The HobNob Drive-In in Gate City serves up a quick-order counter lunch that you’d expect from a 1950′s diner style establishment (which it is). The burgers are big and juicy; the shakes? Divine. Read all about it. It’s the perfect stop before checking out Carter Family Fold – a story of music and a slice of Americana.
If you’re a country music fan, you have the Carter Family of Hiltons, VA to thank. A.P., his wife Sara and her cousin Maybelle recorded 300 songs between 1927 and 1942. Their genre was traditional Appalachian, which led the way for their family (June Carter Cash and husband Johnny Cash) and today’s country musicians to record music and reach the masses. When you head off the beaten path of 58 into Hiltons and A.P. Carter Highway, the Fold is a quick three miles up the road on your left. A.P.’s general store is a museum, the old homeplace has been reconstructed on site, and the music center hosts bands every weekend (schedule). Saturday is the only day you can get inside to visit, so plan accordingly.
— BIRTHPLACE OF COUNTRY MUSIC MUSEUM —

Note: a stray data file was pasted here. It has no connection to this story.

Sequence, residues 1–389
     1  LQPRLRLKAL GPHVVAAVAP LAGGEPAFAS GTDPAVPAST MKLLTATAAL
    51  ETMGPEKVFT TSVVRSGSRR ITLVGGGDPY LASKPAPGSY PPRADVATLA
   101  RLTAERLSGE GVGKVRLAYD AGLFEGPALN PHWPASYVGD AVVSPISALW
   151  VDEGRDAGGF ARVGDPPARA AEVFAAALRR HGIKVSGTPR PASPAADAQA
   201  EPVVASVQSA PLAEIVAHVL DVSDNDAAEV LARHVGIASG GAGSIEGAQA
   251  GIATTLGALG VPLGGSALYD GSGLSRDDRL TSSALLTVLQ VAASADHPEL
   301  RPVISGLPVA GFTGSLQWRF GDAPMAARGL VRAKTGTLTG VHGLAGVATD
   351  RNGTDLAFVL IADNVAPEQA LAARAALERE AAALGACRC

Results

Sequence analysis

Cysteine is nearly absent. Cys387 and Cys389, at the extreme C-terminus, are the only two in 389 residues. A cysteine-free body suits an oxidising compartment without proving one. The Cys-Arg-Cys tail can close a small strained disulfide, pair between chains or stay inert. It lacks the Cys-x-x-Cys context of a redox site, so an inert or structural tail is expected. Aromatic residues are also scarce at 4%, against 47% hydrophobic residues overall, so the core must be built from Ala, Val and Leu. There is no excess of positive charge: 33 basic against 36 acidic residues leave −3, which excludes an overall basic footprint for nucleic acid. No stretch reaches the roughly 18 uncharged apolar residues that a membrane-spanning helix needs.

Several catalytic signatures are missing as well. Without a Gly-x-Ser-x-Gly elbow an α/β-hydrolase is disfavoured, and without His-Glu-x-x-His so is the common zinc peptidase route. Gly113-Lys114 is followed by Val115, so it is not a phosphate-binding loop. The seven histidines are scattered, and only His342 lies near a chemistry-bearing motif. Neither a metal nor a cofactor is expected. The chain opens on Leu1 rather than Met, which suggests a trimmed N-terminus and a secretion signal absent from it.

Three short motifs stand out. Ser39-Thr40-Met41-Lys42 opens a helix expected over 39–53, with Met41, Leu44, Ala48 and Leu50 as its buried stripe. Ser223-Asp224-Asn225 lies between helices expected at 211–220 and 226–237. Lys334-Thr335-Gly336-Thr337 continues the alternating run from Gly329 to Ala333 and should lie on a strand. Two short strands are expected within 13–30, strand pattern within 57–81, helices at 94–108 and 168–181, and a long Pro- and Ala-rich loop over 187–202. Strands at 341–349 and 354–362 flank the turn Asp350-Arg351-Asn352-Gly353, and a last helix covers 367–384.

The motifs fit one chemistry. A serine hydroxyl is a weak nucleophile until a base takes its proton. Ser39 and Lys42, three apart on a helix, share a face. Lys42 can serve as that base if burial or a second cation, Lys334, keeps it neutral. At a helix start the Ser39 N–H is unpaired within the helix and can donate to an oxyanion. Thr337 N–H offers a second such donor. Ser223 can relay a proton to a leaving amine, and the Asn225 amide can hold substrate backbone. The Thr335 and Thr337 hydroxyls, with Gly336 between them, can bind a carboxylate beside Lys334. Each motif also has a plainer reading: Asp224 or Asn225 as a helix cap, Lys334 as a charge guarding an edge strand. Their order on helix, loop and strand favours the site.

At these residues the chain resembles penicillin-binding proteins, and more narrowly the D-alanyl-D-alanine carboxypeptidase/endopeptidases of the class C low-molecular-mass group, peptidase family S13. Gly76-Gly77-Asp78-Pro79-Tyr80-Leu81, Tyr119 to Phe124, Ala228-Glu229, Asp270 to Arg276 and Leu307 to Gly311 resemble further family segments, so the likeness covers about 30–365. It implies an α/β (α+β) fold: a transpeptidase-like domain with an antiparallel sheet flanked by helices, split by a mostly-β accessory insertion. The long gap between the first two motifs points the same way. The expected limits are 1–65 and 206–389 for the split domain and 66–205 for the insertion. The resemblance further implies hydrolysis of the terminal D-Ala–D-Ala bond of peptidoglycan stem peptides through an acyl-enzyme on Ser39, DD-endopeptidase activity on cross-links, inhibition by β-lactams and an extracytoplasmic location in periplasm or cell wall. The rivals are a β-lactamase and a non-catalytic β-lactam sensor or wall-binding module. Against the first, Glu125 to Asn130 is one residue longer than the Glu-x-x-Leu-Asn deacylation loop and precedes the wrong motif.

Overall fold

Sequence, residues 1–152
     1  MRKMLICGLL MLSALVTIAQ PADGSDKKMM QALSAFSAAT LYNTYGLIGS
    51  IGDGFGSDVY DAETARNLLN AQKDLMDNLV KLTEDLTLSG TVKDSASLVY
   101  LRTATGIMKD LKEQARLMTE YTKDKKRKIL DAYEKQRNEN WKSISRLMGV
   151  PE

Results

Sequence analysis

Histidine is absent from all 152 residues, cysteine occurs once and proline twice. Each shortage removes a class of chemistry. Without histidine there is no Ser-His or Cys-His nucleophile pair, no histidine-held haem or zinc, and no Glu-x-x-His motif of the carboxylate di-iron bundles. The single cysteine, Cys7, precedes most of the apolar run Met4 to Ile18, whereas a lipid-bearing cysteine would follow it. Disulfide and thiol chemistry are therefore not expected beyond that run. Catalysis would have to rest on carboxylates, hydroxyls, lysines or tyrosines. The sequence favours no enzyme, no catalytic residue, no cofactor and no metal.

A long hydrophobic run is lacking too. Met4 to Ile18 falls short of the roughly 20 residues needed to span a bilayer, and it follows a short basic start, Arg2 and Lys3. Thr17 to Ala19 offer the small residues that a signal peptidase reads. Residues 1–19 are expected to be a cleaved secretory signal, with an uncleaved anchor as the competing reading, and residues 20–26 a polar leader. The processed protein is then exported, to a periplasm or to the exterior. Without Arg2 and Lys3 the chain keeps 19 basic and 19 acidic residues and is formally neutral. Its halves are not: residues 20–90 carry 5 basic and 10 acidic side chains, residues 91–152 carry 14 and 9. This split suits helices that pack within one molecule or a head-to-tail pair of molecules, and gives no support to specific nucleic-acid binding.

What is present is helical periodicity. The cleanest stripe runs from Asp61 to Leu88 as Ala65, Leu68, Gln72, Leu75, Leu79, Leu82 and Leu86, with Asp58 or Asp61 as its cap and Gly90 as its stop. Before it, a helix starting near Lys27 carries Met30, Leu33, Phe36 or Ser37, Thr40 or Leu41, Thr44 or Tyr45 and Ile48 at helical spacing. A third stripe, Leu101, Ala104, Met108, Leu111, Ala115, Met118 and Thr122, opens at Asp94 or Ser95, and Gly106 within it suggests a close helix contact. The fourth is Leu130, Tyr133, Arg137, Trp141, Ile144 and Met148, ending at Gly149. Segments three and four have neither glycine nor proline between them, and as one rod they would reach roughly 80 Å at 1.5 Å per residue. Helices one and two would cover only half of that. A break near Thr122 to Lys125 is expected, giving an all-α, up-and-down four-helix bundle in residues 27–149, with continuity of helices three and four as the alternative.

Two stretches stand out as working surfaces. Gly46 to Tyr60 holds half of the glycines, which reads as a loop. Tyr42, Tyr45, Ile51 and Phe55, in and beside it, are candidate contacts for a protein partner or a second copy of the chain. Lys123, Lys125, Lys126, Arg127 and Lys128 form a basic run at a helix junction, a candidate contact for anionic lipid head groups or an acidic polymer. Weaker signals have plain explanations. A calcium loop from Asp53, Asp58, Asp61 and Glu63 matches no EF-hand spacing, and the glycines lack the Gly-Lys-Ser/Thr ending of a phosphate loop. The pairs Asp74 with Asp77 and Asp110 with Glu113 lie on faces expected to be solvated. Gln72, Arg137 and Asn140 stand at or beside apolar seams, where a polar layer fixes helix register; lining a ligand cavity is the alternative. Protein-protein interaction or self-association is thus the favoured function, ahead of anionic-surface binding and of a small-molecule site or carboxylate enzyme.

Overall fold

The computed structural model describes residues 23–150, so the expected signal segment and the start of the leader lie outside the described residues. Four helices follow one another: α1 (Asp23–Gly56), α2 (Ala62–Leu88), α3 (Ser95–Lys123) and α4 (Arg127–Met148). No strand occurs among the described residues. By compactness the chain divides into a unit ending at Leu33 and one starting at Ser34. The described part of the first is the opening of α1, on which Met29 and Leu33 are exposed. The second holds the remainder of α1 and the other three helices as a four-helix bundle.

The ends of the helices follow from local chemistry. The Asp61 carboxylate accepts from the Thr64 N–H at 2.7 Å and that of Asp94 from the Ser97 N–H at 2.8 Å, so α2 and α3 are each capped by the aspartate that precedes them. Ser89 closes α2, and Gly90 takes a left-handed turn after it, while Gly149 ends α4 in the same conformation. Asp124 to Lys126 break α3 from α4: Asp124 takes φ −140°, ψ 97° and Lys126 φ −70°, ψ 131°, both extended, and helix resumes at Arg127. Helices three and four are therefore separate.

Continue on 58/421 to State Street in Bristol – the one street (and city) that is actually in two states. On the left, you’re in Virginia. The right; Tennessee. Your stop here is the Birthplace of Country Music Museum. If you’ve timed your travels such that you’re ready for a bite to eat, might I suggest Burger Bar? It holds history of its own (I mentioned lore before, right?). It’s said that Hank Williams enjoyed his last meal at Burger Bar. In fact, “they say” this was the last place he was seen in public.
So about the Birthplace of Country Music Museum … It is dedicated to the 1927 Bristol Sessions. Those sessions in which the aforementioned Carter Family was a big part of, and the sessions that launched the country music industry into the juggernaut we know today. The Museum is an affiliate of the Smithsonian Institution, meaning you’re going to have an incredible experience in this new facility.
— ABINGDON —